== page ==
That's a great starter shop, but I think you may have undersized the AC for having that size shop in Texas. Insulate it extremely well, Weatherstrip the doors too, and you may be marginally fine. Also, try to find a good quality pleated furnace filter that will completely cover the coil and fit under the plastic face of the AC. I have a 23,000 btu heat pump window style unit mounted high through the North wall of my 14 X 26 insulated shop, and it begins to loose ground when the temps outside go above 92 degrees. This past week the afternoon outside temperatures reached 96 almost every day and the inside temps climbed from the 72 setting to 78 degrees with the unit running 24/7.
A 12 X 20 pleated furnace filter just fits inside the cover of my unit and completely covers the coil. It lets the unit double as a whole shop air filter. I use this filter instead of the original foam filter because the original filter didn't stop the sawdust very well. If sawdust gets in the coil, the unit's efficiency drops rapidly, and it's a bear to clean out. Use a good quality furnace type pleated air filter and clean or replace it often, even if you have to tape the filter on the outside of the plastic cover. You want to filter the air going into the unit. There is no need to filter the air exiting. Aim the exit fins up slightly as cold air settles.
A 60 amp 240 volt electric service is adequate for a shop that size. It will let you run the AC, a large air compressor, even electric heat, table saw, and even electric heat and all the lights and bench 129 volt outlets that you could possibly need. You can actually have more total amps of all of the circuit breakers for a total of more than 60 amps, because all of the circuits will not be drawing their full rated current at any given time.
I put a four outlet quad box every 4 feet along the bench walls of my shop and wished that I had added more. There are 2 - 20 amp outlet circuits and the boxes alternate between the circuits, so I could fully load two adjacent boxes and not have an overload.
My ceiling lights and outside lights are connected to these two circuits as well, but about half of them are on each circuit. This keeps me from being totally in the dark if I should trip one of the breakers. I also have a couple of outlets on the ceiling. My table saw as well as my dust collector, the heat pump, and my Unisaw are all 240 volts and each are on their own 2 pole breakers. When working as just one man in my shop I have never tripped a breaker, and frequently have the AC, dust collector, compressor, and Unisaw all running at the same time. The starting current may be as high or higher than the circuit breaker rating, but the actual running current will be much less, so the total amps will be much less than the panel rating.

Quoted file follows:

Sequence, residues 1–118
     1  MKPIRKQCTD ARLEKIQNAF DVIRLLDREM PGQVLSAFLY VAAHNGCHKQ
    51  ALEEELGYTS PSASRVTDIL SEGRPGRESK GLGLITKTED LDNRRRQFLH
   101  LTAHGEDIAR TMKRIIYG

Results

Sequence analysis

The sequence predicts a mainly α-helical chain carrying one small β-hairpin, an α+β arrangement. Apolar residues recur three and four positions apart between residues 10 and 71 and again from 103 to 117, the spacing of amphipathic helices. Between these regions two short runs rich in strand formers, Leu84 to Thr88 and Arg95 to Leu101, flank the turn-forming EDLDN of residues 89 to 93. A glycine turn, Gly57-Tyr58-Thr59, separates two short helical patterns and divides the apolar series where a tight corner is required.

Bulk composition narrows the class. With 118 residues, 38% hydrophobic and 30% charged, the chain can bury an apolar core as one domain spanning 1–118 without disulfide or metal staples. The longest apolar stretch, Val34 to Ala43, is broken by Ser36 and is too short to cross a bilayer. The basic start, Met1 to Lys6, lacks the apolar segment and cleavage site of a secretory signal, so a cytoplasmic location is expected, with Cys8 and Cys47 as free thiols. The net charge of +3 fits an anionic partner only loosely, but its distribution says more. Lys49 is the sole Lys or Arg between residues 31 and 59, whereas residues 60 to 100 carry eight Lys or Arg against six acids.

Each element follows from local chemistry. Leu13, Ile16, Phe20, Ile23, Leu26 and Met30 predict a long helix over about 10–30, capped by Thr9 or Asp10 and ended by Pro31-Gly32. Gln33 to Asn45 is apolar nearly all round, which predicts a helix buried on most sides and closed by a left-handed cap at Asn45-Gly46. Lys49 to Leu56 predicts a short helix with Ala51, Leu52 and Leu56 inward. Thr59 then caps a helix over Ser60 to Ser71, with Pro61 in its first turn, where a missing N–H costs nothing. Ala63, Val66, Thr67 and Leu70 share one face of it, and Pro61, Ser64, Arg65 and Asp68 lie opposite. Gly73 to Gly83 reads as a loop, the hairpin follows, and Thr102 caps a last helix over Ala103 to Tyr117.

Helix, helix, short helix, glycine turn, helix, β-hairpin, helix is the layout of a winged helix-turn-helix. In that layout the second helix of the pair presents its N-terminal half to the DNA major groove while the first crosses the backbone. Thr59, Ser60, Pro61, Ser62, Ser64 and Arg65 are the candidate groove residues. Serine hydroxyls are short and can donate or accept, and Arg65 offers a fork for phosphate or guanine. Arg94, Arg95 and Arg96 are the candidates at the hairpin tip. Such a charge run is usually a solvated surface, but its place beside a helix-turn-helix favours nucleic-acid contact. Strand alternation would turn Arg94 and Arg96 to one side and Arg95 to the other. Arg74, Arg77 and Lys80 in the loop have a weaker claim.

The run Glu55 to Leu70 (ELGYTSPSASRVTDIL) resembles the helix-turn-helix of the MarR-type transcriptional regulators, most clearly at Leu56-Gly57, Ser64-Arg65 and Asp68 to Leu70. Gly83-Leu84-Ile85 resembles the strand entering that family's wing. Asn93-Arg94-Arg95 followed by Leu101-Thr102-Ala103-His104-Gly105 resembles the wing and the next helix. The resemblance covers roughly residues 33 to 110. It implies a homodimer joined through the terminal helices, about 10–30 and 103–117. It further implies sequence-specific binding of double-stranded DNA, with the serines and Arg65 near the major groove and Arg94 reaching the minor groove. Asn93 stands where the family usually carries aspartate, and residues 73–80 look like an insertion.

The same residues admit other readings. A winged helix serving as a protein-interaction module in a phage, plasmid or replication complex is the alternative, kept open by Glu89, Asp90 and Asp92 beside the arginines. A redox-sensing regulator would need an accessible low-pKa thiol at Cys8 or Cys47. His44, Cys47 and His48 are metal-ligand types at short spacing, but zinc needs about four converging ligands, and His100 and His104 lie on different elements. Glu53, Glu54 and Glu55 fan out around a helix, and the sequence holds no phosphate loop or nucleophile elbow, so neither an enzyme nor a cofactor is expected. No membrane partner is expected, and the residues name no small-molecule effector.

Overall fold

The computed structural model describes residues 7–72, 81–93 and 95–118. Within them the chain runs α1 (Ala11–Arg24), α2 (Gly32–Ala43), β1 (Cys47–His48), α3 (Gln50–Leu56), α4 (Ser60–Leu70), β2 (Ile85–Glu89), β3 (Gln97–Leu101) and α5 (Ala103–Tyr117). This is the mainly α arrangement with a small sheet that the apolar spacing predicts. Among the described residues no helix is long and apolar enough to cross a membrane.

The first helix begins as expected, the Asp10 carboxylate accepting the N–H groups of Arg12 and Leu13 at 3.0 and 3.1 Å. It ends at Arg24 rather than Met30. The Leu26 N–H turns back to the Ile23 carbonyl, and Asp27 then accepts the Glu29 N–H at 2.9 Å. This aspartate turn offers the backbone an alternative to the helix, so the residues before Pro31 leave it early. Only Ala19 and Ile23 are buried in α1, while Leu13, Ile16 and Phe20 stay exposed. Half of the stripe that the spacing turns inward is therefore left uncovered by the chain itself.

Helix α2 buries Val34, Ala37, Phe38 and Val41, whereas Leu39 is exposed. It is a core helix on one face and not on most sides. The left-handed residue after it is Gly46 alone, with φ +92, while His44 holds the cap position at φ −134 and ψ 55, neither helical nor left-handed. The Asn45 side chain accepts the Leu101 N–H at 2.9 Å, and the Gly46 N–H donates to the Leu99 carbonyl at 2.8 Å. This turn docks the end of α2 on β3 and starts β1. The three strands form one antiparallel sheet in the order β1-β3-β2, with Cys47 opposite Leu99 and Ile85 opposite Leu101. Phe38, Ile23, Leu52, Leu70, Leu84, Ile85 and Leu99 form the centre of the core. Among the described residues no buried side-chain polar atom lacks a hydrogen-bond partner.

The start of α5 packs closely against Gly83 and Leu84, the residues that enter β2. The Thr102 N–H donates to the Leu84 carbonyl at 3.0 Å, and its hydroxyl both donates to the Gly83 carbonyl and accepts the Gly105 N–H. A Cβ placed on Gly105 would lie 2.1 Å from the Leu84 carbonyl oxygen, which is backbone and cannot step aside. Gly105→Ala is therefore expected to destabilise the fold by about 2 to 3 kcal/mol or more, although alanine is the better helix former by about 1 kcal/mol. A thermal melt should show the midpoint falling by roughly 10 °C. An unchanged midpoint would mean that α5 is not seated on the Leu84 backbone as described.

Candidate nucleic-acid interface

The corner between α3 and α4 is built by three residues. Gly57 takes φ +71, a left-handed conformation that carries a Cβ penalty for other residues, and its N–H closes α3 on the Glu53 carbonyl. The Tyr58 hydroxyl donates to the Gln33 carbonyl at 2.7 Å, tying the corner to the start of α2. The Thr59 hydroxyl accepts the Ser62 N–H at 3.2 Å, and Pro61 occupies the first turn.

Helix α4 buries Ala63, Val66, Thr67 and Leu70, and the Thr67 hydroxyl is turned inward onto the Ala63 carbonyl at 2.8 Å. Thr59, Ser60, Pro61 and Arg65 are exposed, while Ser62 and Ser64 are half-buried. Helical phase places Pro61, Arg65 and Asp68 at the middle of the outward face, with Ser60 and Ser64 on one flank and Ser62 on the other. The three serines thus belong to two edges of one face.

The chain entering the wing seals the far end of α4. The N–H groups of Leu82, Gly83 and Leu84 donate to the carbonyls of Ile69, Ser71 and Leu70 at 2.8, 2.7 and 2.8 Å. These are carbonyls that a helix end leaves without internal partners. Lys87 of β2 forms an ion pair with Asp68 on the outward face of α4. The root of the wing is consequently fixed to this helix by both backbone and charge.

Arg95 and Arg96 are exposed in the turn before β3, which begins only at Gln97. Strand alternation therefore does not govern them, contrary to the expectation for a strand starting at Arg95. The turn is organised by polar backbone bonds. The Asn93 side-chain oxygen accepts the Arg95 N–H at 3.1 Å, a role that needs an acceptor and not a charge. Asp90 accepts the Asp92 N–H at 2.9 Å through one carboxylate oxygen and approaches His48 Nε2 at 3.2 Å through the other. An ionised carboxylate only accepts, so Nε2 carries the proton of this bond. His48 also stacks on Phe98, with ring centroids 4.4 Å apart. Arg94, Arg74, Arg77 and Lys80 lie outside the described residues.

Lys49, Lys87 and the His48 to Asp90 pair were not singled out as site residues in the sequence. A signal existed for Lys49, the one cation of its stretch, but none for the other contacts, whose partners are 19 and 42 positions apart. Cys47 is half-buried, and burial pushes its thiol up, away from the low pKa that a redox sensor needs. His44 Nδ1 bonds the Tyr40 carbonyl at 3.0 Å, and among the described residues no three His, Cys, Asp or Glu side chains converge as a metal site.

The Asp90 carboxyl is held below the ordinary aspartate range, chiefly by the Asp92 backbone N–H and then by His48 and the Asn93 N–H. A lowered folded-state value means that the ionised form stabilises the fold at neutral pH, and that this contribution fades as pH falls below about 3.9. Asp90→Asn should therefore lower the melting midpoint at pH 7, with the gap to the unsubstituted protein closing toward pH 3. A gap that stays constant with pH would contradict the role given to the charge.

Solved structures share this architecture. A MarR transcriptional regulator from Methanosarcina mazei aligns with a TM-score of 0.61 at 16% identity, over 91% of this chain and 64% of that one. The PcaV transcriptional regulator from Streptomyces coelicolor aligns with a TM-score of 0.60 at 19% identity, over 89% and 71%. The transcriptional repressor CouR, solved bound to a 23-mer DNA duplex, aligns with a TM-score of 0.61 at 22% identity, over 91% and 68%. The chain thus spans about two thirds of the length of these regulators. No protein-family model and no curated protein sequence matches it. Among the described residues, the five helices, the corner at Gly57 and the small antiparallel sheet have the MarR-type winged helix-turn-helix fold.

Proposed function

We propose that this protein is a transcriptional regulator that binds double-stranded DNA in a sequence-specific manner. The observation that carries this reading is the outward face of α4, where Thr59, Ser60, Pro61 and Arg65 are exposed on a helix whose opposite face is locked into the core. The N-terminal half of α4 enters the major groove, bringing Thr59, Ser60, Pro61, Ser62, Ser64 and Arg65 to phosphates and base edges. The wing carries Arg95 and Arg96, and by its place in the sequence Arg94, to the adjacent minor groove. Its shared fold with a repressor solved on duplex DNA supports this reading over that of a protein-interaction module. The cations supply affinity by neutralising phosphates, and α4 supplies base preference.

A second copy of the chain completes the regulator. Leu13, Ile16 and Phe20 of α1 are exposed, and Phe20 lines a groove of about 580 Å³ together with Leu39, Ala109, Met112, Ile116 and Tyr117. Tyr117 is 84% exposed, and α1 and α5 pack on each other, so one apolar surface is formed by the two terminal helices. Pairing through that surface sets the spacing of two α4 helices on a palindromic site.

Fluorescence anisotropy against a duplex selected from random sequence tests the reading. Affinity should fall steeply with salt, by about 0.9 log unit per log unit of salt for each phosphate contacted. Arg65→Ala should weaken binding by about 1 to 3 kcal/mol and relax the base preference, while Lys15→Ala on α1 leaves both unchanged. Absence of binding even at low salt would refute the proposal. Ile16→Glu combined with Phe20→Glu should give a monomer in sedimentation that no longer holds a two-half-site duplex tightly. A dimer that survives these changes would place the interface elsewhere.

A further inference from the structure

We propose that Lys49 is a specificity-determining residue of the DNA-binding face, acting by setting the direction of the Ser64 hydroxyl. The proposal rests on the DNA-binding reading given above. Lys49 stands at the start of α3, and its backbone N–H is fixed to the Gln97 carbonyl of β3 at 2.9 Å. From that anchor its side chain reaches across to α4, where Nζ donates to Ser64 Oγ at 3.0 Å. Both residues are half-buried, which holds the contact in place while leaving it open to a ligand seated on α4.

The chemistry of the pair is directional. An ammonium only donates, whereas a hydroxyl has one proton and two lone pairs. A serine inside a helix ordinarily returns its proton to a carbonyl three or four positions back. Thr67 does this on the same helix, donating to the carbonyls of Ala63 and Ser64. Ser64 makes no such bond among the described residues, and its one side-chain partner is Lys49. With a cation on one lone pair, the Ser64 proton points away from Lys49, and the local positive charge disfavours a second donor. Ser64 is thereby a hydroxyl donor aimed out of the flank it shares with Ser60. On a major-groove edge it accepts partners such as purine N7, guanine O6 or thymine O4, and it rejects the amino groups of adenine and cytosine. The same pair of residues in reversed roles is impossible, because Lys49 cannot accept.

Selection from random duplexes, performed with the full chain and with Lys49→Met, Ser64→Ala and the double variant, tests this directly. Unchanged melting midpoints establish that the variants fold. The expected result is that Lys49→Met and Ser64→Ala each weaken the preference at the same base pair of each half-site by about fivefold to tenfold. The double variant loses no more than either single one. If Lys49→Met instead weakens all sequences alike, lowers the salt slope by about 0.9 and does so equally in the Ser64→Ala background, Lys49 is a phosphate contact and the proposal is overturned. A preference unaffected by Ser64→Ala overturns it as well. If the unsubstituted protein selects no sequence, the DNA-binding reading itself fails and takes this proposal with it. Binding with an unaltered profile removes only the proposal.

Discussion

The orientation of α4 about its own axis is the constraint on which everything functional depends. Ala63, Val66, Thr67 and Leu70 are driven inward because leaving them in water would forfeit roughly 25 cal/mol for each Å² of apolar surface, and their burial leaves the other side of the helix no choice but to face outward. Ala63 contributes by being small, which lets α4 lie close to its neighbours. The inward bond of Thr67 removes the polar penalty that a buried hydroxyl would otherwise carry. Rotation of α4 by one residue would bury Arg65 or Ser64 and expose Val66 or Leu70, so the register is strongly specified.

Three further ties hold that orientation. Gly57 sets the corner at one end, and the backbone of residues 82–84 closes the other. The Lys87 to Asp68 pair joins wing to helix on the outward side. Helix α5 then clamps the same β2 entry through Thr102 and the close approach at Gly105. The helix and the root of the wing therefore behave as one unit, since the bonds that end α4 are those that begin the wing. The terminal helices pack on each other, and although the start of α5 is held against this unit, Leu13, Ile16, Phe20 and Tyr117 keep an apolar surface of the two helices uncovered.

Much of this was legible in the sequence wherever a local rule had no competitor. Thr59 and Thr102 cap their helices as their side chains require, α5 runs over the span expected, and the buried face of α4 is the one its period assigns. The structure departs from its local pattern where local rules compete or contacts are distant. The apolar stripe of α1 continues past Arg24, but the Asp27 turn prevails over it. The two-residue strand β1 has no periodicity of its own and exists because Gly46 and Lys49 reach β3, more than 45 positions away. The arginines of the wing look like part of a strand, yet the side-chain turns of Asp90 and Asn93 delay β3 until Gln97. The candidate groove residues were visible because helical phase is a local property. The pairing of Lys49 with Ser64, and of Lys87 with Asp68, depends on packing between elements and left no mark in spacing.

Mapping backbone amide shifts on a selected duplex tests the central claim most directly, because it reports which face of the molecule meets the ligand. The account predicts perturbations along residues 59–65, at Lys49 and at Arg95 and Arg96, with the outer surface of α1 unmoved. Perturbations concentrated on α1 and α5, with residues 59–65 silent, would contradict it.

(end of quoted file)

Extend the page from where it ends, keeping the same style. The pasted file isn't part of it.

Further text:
I think you are going to out grow that shop in a few years if you stay with woodworking. If you believe me, then you should get a larger electric panel for it now. It will not cost much more now to go with a 100 amp panel now, but the wire and panel will need replacing, if you go with 60 now and then decide that it isn't big enough and want 100 amp panel in a couple of years. My panel is 100 amps, so I can add onto my shop if I decide to, but it will be a tight fit to comply with the zoning laws.. I'm a licensed electrical contractor and installed it myself. I built and then wired my own shop by myself.
My shop has a small refrigerator and running water with a sink for hand washing and glue cleanups, It also has an outside faucet to wash the cars and trucks, but it has no toilet and I regret this very much. If I ever build another shop, it's going to have a toilet, even if it's just a urinal hidden somehow in the corner. The shop will be at least a 3 car garage in size too. (I'm dreaming).
Good luck and have fun in your new shop. I would plywood the inside walls, sheet rock the ceiling, and paint them white, but do whatever seems right to you and your budget and then enjoy making things.
Central North Carolina